Mama Bev's Bakery plans to fundraise for expansion

Thursday, September 22, 2022
Sari Lesk, Business Journal

 

KENNY YOO - Gary Plassmeyer of Mama Bev's Bakery

 

A Hales Corners business that started as a pizza shop’s dessert offering plans to fundraise to support its growth.

Gary Plassmeyer started Mama Bev’s Bakery to provide St. Louis butter cakes as a dessert for his 9th Slice Pizza Co. business, which had a location on South 108th Street in Hales Corners. After road construction outside the restaurant hampered sales, Plassmeyer pivoted and put his focus on the butter cakes.

The business has grown in the years since to acquire new grocery store accounts, and Mama Bev’s was also accepted into a business accelerator program.

Now, Plassmeyer said, he is starting a $1.5 million fundraising round to support continued growth.

“We’ve gotten enough sales traction out in the market that it’s going to push our sales in excess of $1 million within the next six months,” Plassmeyer said. “We’re raising that money to be able to grow – expand our footprint, expand the sales and marketing.”

Mama Bev's bakery sells St. Louis butter cakes.

CHRIS KESSLER - Mama Bev's bakery sells St. Louis butter cakes.

 

Plassmeyer said the new funds would allow Mama Bev’s to acquire more equipment and grow its manufacturing operation. He also wants to expand the product line. Mama Bev’s now sells 15-ounce cakes in a variety of flavors. Plassmeyer wants to be able to sell the butter cakes as individual pieces.

In addition, he said, the funds would allow Mama Bev’s to hire an employee to help run the business on a day-to-day basis.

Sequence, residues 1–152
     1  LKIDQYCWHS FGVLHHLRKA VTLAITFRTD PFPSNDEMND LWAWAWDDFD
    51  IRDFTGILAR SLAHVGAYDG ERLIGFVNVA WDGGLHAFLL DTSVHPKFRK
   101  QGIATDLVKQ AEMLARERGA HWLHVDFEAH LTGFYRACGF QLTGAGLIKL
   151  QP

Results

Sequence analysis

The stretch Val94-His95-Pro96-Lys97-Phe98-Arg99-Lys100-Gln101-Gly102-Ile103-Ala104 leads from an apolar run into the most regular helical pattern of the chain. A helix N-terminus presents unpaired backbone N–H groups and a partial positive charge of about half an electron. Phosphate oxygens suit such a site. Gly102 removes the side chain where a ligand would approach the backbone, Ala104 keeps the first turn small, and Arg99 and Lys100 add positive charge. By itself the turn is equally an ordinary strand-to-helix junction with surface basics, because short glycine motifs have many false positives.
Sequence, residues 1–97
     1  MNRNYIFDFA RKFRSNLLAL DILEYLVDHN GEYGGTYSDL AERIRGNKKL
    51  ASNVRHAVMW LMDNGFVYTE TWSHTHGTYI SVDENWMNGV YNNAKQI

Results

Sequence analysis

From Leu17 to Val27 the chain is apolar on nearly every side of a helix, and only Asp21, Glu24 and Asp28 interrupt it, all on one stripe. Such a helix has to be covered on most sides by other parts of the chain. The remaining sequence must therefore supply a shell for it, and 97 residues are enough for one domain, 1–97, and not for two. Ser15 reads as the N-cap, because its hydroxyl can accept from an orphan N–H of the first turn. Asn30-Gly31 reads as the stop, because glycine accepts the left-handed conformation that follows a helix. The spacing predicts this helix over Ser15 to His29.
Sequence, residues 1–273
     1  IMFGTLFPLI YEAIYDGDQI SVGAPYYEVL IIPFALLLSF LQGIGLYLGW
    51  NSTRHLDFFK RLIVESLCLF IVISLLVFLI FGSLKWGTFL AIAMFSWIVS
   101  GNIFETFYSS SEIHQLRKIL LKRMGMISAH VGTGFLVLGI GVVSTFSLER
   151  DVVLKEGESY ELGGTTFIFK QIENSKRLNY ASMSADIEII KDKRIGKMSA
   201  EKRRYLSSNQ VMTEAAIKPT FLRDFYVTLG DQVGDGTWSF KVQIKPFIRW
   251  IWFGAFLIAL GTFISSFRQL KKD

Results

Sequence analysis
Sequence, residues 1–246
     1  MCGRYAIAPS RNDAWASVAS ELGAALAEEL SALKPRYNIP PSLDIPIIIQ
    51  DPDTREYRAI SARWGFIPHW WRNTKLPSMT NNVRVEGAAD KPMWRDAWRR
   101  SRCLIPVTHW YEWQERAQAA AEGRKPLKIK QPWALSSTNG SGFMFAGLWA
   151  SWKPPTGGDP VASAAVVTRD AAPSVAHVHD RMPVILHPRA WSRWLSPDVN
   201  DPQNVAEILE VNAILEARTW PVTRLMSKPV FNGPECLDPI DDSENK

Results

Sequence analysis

Plassmeyer said he plans to raise the $1.5 million mainly from angel investors. For future rounds, he said Mama Bev’s might seek out venture capital.

“We have a strong community presence,” he said. “Our desire would be to keep it as local as possible.”

Mama Bev’s continues to manufacture from the former 9th Slice space in Hales Corners, which has about 3,000 square feet. Plassmeyer said he plans to move the business into a new, larger facility after his lease runs out. He’d next like to move into a space with 6,000 to 8,000 square feet.

In addition to spinning Mama Bev’s into its own operation, Plassmeyer had a second business evolve from his pizzeria. He developed a device called the Thermo-V, which he says will improve the quality of food delivered from restaurants.

The Thermo-V is intended to ensure delivered food arrives hot and crispy. Plassmeyer said the technology circulates hot air and expels moisture so foods such as pizzas, fries and wings remain at their optimal temperature.

“It’s not cooking while it’s delivering, and it’s not getting cold while it’s delivering,” Plassmeyer said.

He said he recently reached a deal with Georgia-Pacific to commercialize the Thermo-V. The deal is not exclusive, Plassmeyer said, which means he’ll pull in royalties and can sell the Thermo-V to customers of his own, such as individual restaurants and local grocers.

“Eventually, our goal with the product is to force these bigger delivery companies to have to adapt to it,” he said.

 

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